(Updates to New York close)
* US stocks bounce following Wednesday's sell-off
* Investors shrug off inflation fears for now
* Benchmark Treasury yields pull back
* Graphic: Global asset performance http://tmsnrt.rs/2yaDPgn
* Graphic: World FX rates http://tmsnrt.rs/2egbfVh
By Koh Gui Qing
NEW YORK, May 13 (Reuters) - U.S. shares rebounded on Thursday after falling for three consecutive days and benchmark Treasury yields dipped, as investors snapped up stocks that would benefit from an economic recovery and shrugged off worries about rising prices, for now.
After posting their biggest slump in at least 11 weeks on Wednesday, U.S. shares bounced back as investors flush with cash looked past concerns that accelerating inflation may prompt interest rate hikes sooner, and deployed their funds once more.
So intent were investors on leaving inflation worries aside that financial markets barely responded to Thursday's data, which showed U.S. producer prices posting their biggest annual gain since 2010 in April.
"It's rebound Thursday," said John Augustine, chief investment officer at Huntington Private Bank, which manages $20 billion in assets. "Given the money on the sidelines, investors are going to be coming back in."
Still, Augustine said investors should redeploy their funds in a measured way as "inflation concerns are not going away".
The Dow Jones Industrial Average ended the day up 1.3%, the S&P 500 rose 1.2% and the Nasdaq Composite gained 0.7%.
Gains were led by shares in small-cap companies, chip makers and transportation providers - businesses that stand to gain as the United States emerges from the pandemic recession.
The bounce in U.S. stocks lifted the MSCI world equity index , which tracks 50 countries, by 0.3%.
Wall Street had tumbled earlier this week after data showed U.S. consumer prices unexpectedly jumped by the most in almost 12 years in April.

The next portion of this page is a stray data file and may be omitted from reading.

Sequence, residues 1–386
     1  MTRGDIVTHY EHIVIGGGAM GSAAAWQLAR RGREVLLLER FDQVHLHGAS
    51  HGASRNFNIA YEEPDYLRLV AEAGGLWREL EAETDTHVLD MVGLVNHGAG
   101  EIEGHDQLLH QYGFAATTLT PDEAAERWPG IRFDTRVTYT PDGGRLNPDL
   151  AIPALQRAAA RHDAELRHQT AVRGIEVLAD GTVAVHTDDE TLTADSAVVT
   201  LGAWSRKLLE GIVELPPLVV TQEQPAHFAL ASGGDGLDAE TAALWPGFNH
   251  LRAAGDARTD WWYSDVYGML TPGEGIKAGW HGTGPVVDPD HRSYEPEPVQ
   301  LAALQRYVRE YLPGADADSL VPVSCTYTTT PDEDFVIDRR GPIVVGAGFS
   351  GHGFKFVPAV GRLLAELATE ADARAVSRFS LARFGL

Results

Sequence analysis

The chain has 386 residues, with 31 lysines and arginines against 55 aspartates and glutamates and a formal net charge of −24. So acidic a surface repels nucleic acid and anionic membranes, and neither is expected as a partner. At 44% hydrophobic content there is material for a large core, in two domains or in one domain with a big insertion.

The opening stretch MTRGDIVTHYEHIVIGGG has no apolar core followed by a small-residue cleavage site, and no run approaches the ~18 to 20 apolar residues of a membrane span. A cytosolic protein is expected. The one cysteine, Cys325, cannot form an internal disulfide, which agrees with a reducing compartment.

Some investors now worry that quickening price pressures could lead the U.S. Federal Reserve to tighten monetary policy sooner than expected, reducing its supply of cheap money that has propelled financial markets higher.
For now, however, inflation woes took a backseat.
Benchmark 10-year Treasury yields, which spiked 7 basis points overnight in the biggest daily rise in two months, fell by nearly 4 basis points to 1.6556% as investors took a breather.
Benchmark two-year Treasury yields also pulled back to 0.1569%.
Against a basket of major currencies, the dollar was steady at 90.718, largely holding on to gains eked out on Wednesday, when expectations of rate hikes burnished the currency's appeal.
A firm dollar capped gains in the euro, which edged up 0.1% to $1.20805.
The pullback in Treasury yields helped gold to recoup some of its previous day's losses, when rising bond yields dampened the allure of non-yielding bullion. Spot gold climbed 0.6% from a one-week low to $1,826.71 per ounce.
A recent rally in oil prices also paused on Thursday as investors turned their attention to the coronavirus crisis in India, and as the top U.S. fuel pipeline network resumed operations.
Brent crude slumped 3.4% to $66.98 a barrel, while U.S. West Texas Intermediate crude lost 3.5% to $63.78 a barrel.
Among cryptocurrencies, bitcoin, which tumbled 13% overnight when Elon Musk said Tesla Inc would stop accepting it as payment because of its high energy use, skidded again on Thursday following reports that the U.S. Justice Department was investigating crypto exchange Binance.
By Thursday evening, bitcoin had dropped 0.7% to $48.965.
(Reporting by Koh Gui Qing in New York; additional reporting by Tom Wilson and Marc Jones in London, Wayne Cole in Sydney; Editing by Dan Grebler, Cynthia Osterman and Jonathan Oatis)